Another point that was brought up online was that if you started at different points on the circle, you could get a different question mark value.

3. What do you think about that argument?

Finding Prime Numbers

This post first appeared at kkdegner@blog.com on 7/22/13.

Last week I came across this little doozy on my Facebook page, which was posted by The Belin Blank Center, which it looks like they must have reposted from the National Council of Teachers of Mathematics

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I love the question for so many reasons!  First, I love it because its not complicated.  If you know what a prime number is and you know how to find square roots, you’re set!  Trial and error might be the weapon of choice for many people answering this question.  And while there’s nothing particularly wrong with trial and error, it can take a while and, well, its not really that interesting.  But, we could use just a little, tiny bit of strategy to try to cut down on the amount of numbers we have to test in order to answer the question.

To address this question we have to check 3 things 1)is the number prime? 2) is the square root less than 20? 3)is there a larger prime number whose square root is also less than 20?  Let’s start by setting an upper bound to eliminate the 2nd and 3rd questions.  We know that 20 squared is 400, meaning all numbers less than 400 have a square root less than 20.  So now we know we’re looking for prime numbers which are less than 400.  If you’re feeling very adventurous, you could just list all of the numbers between 1 and 400.  The largest prime in that list of numbers would be the answer to the question.  But, do you really want to check 399 numbers too see if they’re prime? No?  Me neither.  (We don’t have to check 1, we know its not prime or composite).

Good news!  We can use our knowledge of numbers and their factors to whittle this list down pretty quickly!  First, get rid of all the even numbers (except for 2–its prime), because we know they’re divisible by 2.  Additionally, get rid of all of the numbers ending in 5 (except for 5–prime!), because they’re divisible by 5.  Now we’re down to, what 161 numbers by my count?  That still seems like a lot of numbers to test, no?  There are still other numbers we could systematically check off of our list of possibilities, for example the multiples of 11 and 3 are pretty easy to spot (prime and prime, respectively).  Taking the grand total of possibilities down to 105 numbers.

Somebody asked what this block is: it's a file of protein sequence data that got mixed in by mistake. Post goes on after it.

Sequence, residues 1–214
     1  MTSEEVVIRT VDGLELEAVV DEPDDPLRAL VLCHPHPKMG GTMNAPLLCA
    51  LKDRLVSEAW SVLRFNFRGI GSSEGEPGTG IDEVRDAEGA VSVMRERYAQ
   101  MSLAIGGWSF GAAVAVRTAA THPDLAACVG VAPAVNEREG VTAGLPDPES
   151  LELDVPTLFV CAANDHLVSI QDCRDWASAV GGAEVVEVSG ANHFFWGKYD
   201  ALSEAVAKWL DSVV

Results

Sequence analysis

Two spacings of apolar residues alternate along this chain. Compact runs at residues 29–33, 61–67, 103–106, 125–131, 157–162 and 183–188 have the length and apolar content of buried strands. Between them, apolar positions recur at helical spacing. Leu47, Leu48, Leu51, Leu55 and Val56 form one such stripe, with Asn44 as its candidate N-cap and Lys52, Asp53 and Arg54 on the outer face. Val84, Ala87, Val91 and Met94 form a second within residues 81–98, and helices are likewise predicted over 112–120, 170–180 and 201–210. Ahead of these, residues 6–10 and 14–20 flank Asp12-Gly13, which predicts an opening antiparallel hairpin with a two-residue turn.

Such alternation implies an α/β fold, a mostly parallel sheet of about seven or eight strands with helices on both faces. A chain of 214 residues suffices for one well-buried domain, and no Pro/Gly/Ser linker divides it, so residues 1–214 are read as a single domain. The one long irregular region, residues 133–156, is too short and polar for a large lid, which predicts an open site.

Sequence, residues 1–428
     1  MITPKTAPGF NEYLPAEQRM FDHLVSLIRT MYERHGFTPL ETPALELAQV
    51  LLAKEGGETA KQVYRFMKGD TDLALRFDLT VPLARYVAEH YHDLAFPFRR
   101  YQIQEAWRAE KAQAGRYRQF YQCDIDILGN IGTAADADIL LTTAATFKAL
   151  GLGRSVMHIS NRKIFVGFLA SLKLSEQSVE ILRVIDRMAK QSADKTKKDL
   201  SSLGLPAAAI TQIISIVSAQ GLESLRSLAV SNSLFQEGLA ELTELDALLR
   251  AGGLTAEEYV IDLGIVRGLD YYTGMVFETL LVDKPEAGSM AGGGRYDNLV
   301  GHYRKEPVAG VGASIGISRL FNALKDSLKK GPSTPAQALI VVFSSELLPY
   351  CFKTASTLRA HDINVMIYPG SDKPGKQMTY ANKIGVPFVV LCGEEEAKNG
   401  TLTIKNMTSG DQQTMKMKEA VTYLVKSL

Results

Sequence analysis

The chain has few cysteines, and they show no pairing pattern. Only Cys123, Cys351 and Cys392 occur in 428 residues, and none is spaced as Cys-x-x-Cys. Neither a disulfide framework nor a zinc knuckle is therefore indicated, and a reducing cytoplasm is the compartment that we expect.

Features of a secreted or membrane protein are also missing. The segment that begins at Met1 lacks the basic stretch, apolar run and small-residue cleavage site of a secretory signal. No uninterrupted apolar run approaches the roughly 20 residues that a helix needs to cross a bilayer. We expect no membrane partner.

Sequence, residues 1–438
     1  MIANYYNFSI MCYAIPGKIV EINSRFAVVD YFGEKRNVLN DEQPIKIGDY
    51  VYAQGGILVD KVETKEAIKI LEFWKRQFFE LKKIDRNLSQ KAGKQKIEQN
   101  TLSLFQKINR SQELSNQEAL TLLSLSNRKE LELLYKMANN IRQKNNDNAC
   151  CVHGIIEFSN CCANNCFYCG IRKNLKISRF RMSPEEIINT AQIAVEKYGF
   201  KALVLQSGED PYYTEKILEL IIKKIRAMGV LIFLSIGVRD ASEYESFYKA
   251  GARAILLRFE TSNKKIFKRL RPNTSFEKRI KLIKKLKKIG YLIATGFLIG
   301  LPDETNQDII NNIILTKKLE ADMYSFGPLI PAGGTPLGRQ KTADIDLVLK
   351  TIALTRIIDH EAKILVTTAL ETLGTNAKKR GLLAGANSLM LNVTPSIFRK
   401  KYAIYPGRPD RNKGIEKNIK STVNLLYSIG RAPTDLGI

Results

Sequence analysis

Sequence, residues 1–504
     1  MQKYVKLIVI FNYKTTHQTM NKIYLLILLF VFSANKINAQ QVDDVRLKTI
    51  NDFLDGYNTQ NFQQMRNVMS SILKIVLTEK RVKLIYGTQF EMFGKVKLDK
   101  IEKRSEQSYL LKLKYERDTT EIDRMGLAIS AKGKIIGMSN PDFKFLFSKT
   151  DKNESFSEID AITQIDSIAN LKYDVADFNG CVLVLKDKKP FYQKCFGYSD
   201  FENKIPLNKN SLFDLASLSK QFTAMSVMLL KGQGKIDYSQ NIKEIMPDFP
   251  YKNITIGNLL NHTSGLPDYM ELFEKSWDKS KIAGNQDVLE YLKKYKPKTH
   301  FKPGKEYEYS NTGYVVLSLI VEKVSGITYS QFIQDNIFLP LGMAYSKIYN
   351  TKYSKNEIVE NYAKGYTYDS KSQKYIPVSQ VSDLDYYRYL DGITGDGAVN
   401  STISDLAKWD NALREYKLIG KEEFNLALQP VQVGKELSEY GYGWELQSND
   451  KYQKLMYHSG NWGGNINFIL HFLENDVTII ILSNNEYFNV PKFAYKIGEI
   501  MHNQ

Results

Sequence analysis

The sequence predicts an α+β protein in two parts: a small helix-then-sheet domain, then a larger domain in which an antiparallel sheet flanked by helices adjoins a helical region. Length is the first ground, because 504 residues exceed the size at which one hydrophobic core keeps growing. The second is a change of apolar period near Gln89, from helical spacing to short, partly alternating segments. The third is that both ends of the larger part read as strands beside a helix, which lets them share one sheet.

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From here, we could do a few things.  Starting with the largest number left on the list (the largest number I have left is 397), we could check to see if the number is prime.  If it is, then great!  We’ve found the answer. If you don’t like that method we could continue along the path we’ve been on.  That is, now cross out all of the multiples of 7, 13, 17, and 19.  See what’s left standing, check to make sure that its prime and just for fun, calculate an approximation of the square root.  Happy Number Crunching!

Wait, you didn’t think I’d actually give you the answer, did you?  What would be the fun in that?  I’ll tell you what I will do though, I’ll tell you about a little tool/algorithm/rule that is very helpful in answering this question (and its one I’ve been using in this post).  Its called the Sieve of Eratosthenes and it says this:

List all of the numbers from 1 – n (in our case 400).  To find all of the prime numbers, start with the smallest prime (2) and cross out every second number in your list.  Now, go to the next number in the list that you haven’t crossed out (3).  Cross out every 3rd number (notice, some of the numbers like 6 and 12 in your list you will have now crossed out twice).  Continue this process through all of the numbers 1 – square root of (n).  The numbers remaining are all of the prime numbers 1 – n.  

Now you can answer that nice little problem!

What’s that you say?  You don’t understand why 1’s not a prime number?  Don’t worry, you wouldn’t be the first to ask.  Have you ever heard of Math Warriors?  Felicia does a great job of explaining this question in this episode.  (If you haven’t seen Math Warriors yet, you might as well just start at the beginning by going here.)

P.S. I included lots of great math resources in this post.  Follow them on Facebook and Twitter!

BBC Facebook                              BBC Twitter @belinblank

Math Warriors Facebook         Math Warriors Twitter @MathWarriors

NCTM Facebook                         NCTM @NCTM

Sources:

Weisstein, Eric W. “Sieve of Eratosthenes.” From MathWorld–A Wolfram Web Resource. http://mathworld.wolfram.com/SieveofEratosthenes.html